At this point I will add a few posts about basic geometry. This is needed to back up future posts without weighing them down inlining the math. Here is a basic review of planes.

Planes are commonly used for camera logic and are easy to work with as long as the basics are clear.

Line segment intersecting with a plane. |

I am used to define planes as:

ax + by + cz + d = 0

But feel that the vector form is slightly easier to grasp:

n ᐧ X = d

where n is the normal and the same as (a, b, c) and X is the same as (x, y, z) in the first definition. In the first definition d is the negative of the dot product of the normal and any point in the plane, whereas the second definition d is simply the dot product of the normal with any point in the plane.

Note that n is not necessarily unit length but keeping it unit length can make some operations simpler.

#### Finding a plane from three points in the plane

Given three points P0, P1 and P2 the plane these points form can be found by taking the cross product of the vectors between the points n = (P1 - P0) ✕ (P2 - P1) if order is counter clockwise or the negative of the cross product if clockwise. The value of d in the vector form definition is the dot product of any point and the normal: d = n ᐧ P0.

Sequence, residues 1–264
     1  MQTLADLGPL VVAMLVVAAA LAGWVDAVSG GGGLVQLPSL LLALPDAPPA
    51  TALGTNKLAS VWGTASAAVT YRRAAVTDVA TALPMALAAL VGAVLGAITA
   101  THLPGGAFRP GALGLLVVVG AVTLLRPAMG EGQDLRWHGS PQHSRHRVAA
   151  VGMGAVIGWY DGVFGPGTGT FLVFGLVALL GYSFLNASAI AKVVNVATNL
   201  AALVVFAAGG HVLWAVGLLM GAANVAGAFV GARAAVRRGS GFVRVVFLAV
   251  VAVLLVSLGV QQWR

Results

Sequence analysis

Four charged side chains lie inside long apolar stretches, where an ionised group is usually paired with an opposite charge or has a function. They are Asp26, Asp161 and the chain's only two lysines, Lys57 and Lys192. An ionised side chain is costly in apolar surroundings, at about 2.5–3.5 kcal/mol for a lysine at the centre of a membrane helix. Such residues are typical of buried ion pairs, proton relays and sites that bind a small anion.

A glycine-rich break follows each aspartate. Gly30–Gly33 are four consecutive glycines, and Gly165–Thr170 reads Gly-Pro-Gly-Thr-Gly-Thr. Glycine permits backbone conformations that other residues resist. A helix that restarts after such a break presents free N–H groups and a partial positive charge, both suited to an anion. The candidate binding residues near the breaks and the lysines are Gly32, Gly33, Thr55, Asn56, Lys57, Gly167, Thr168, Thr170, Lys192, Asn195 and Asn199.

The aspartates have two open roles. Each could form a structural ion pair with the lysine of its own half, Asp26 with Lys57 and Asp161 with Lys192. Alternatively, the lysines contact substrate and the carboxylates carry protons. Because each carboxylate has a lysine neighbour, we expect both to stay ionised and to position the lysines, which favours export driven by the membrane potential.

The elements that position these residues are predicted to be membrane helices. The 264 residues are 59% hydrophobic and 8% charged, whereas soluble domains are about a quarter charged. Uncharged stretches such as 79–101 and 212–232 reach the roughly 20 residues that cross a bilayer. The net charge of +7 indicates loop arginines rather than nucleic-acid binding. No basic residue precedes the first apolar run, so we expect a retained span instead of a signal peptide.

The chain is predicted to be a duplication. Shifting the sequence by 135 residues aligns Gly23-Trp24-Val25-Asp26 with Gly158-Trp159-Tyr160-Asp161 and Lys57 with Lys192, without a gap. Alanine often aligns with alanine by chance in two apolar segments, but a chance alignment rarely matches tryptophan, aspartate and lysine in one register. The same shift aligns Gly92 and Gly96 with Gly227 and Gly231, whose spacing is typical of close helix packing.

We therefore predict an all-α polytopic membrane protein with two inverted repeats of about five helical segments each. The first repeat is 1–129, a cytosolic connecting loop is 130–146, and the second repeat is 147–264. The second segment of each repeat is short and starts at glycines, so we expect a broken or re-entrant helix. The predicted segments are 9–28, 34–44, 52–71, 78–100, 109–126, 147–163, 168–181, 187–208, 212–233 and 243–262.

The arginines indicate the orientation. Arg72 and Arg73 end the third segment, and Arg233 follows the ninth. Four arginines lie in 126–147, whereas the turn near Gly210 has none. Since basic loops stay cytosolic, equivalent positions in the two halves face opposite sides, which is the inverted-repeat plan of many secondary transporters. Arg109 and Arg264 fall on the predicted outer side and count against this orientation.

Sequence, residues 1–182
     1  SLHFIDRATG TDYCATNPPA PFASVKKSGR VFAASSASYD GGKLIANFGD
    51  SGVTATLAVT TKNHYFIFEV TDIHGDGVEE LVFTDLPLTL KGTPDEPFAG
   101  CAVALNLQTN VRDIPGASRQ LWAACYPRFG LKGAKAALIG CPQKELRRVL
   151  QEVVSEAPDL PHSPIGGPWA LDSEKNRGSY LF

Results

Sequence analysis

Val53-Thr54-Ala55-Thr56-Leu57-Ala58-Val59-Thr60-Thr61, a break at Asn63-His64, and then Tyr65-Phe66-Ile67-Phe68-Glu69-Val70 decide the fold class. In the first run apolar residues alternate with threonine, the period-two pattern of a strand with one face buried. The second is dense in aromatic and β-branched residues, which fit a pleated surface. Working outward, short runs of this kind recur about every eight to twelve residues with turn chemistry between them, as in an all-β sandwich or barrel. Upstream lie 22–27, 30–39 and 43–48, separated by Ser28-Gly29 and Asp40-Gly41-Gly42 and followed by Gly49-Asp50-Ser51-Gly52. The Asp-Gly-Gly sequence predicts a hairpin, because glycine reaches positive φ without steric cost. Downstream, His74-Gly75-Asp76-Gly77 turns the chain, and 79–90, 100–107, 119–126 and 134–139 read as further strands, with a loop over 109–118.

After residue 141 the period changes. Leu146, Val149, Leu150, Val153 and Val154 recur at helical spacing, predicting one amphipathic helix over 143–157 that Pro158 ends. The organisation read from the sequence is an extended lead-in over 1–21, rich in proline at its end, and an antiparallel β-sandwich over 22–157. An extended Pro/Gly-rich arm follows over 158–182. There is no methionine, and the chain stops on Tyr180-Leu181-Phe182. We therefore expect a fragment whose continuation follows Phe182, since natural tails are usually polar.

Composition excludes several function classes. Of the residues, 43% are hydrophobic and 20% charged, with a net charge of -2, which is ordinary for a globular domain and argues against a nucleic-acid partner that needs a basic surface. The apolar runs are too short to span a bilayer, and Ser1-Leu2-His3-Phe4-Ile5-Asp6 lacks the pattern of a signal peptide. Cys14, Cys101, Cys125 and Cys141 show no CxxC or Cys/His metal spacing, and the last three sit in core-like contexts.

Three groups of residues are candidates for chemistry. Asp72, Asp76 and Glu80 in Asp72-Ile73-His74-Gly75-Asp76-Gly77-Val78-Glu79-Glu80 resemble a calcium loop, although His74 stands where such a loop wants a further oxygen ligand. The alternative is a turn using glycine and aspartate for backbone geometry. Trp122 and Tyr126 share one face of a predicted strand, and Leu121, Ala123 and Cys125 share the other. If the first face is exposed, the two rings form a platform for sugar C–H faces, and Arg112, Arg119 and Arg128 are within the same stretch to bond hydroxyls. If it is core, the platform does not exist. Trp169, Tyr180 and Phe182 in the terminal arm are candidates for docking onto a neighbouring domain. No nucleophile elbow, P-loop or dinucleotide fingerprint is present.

#### Distance between a point and a plane

The distance between a point and a plane is simply the dot product of the normal with the point subtracted by d, which is equivalent of the dot product of the normal and the difference between any point in the plane and the point. Note that the distance is negative if the point is behind the plane:

distance = n ᐧ P - d

#### Intersection of a line segment and a plane

To find the intersection of a plane and a line segment L0 to L1, simply calculate the distances to the plane using the two endpoints:

d0 = n ᐧ L0 - d

d1 = n ᐧ L1 - d

If d0 and d1 have the same sign then both points are on the same side of the plane and the segment does not intersect, otherwise we can find the intersection point by the relative distance:

P = (d0 / (d0 - d1)) (L1 - L0) + L0

(See illustration above)

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